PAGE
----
The Price of Paradise by Susana López Rubio, Achy Obejas (Translator)
English | 2019 | Romance, Historical Fiction | ePUB | 4.3 Mb
The Price of Paradise : In a city as corrupt as it was luxurious, those who dared to dream were bound to pay the price.
Havana, Cuba, 1947. Young Patricio flees impoverished Spain and steps into the sultry island paradise of Havana with only the clothes on his back and half-baked dreams of a better life. Blessed with good looks and natural charm, he lands a job as a runner at El Encanto—one of the most luxurious department stores in the world.
Famous for its exquisite offerings from French haute couture to Arabian silks, El Encanto indulges the senses in opulent extravagance. It caters to visiting Hollywood stars, rising politicos, and prerevolutionary Cuba’s wealthiest power players, including the notorious mobster César Valdés.
Falling in love with the mobster’s young wife, Gloria, is suicide. But Patricio is irresistibly drawn to the beautiful girl with sad eyes, a razor-sharp intellect, and a penchant for both Christian Dior’s clothes and Einstein’s theories. Within the walls of El Encanto, anything seems possible, even a love that promises to heal them and a desire that thrums with the mambo beat of the city itself.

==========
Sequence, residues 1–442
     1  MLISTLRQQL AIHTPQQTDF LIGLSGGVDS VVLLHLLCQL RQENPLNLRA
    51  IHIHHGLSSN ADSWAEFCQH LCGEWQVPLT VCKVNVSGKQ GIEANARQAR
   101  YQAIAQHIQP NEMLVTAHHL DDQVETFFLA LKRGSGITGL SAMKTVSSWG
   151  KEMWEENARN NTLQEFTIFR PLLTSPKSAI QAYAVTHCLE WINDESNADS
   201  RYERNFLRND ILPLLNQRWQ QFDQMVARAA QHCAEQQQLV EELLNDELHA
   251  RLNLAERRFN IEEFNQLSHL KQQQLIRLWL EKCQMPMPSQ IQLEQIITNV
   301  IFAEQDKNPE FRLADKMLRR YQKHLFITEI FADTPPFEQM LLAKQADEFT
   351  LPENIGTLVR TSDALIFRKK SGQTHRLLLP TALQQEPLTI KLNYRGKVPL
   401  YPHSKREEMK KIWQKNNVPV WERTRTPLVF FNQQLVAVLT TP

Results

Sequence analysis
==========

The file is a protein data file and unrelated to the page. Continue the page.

In a reckless love affair that spans half a century, Patricio’s and Gloria’s lives entwine time and again, challenged by every twist of fate—for in a world of murder, betrayal, and revolution, those who dare to reach for paradise seldom survive unscathed.
“The city was a feast for the eyes and ears. Music pervaded every corner of Havana. It came streaming out the doors of the cantinas, from the transistors resting on the window ledge of every house, and from the trumpets of the street musicians and bands that used the corners and plazas as their stages.
When I got to Chinatown, at the corner of Zanja and Galiano, I was so awestruck by a poster advertising the Tropicana Club—with its dancers and their ostrich-feather headdresses—that I didn’t notice the streetcar barreling toward me.
“Get out of the way, comemierda!” screamed the conductor.
Even though the streetcar managed to brake just before it crashed into me, I couldn’t keep from falling on my ass. A man in a suit stopped to help me.
“Are you okay?”
I nodded; it was my dignity that hurt.
“Didn’t you see this gentleman was busy drooling over the legs of those beautiful dancers?” the man scolded the conductor. “And you almost sent him straight to Colón Cemetery! Goddamn it, man.”
It was a fact: Cubans were capable of speaking with the utmost refinement and, simultaneously, cursing like poor devils.
“I’m really sorry, my man,” the conductor said. “Next time he can be just a little bit more careful, and everything will be aaall riiight.”